Heparin-binding protein (HBP/CAP37) - a link to endothelin-1 in endotoxemia-induced pulmonary oedema?
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BackgroundVascular leakage and oedema formation are key components in sepsis. In septic patients, plasma levels of the vasoconstrictive and pro-inflammatory peptide endothelin-1 (ET-1) correlate with mortality. During sepsis, neutrophils release heparin-binding protein (HBP) known to increase vascular permeability and to be a promising biomarker of human sepsis. As disruption of ET-signalling in endotoxemia attenuates formation of oedema, we hypothesized that this effect could be related to decreased levels of HBP. To investigate this, we studied the effects of ET-receptor antagonism on plasma HBP and oedema formation in a porcine model of sepsis. In addition, to further characterize a potential endothelin/HBP interaction, we investigated the effects of graded ET-receptor agonist infusions. MethodsSixteen anesthetized pigs were subjected to 5h of endotoxemia and were randomized to receive either the ET-receptor antagonist tezosentan or vehicle after 2h. Haemodynamics, gas-exchange and lung water were monitored. In separate experiments, plasma HBP was measured in eight non-endotoxemic animals exposed to graded infusion of ET-1 or sarafotoxin 6c. ResultsEndotoxemia increased plasma ET-1, plasma HBP, and extravascular lung water. Tezosentan-treatment markedly attenuated plasma HBP and extravascular lung water, and these parameters correlated significantly. Tezosentan decreased pulmonary vascular resistance and increased respiratory compliance. In non-endotoxemic pigs graded ET-1 and sarafotoxin 6c infusions caused a dose-dependent increase in plasma HBP. ConclusionsET-receptor antagonism reduces porcine endotoxin-induced pulmonary oedema and plasma levels of the oedema-promoting protein HBP. Moreover, direct ET-receptor stimulation distinctively increases plasma HBP. Together, these results suggest a novel mechanism by which ET-1 contributes to formation of oedema during experimental sepsis.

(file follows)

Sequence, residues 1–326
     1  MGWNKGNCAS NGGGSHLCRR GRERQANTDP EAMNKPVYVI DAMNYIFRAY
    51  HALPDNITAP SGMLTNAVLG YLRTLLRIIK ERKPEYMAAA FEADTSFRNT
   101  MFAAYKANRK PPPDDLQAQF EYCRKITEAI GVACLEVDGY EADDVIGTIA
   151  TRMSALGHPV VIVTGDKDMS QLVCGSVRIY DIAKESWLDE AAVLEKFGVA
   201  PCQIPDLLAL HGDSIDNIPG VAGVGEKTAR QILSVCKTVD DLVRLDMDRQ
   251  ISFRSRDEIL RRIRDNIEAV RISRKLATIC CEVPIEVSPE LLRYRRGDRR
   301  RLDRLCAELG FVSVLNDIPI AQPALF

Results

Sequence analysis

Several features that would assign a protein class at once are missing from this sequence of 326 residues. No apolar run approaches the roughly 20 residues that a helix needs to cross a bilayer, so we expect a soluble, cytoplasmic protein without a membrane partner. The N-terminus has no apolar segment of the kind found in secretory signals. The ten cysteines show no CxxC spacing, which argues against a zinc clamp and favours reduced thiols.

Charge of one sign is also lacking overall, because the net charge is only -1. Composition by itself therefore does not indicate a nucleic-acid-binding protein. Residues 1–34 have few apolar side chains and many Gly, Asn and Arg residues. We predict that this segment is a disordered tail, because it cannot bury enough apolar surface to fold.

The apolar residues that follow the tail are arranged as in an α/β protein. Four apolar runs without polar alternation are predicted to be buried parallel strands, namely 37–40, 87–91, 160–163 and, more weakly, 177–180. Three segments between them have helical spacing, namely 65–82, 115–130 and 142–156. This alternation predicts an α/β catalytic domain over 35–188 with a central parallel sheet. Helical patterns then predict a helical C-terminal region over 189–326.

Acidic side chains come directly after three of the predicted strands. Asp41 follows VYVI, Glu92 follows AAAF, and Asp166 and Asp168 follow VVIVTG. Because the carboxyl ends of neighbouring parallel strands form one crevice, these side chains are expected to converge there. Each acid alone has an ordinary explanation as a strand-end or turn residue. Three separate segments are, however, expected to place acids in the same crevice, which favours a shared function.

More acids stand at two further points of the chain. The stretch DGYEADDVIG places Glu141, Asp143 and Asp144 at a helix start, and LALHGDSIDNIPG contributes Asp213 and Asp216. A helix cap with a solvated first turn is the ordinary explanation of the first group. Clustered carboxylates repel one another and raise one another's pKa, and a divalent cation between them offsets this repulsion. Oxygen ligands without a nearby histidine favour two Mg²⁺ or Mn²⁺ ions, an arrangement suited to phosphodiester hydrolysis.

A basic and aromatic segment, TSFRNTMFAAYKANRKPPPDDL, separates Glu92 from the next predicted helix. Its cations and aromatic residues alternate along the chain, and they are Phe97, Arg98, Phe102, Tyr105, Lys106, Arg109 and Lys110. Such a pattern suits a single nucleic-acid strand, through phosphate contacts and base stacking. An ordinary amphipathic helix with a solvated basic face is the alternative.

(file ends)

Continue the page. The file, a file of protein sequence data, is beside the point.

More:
|Enheter & grupper|
Ämnesklassifikation (UKÄ) – OBLIGATORISK
|Tidskrift||Acta Anaesthesiologica Scandinavica|
|Status||Published - 2014|
|Peer review utförd||Ja|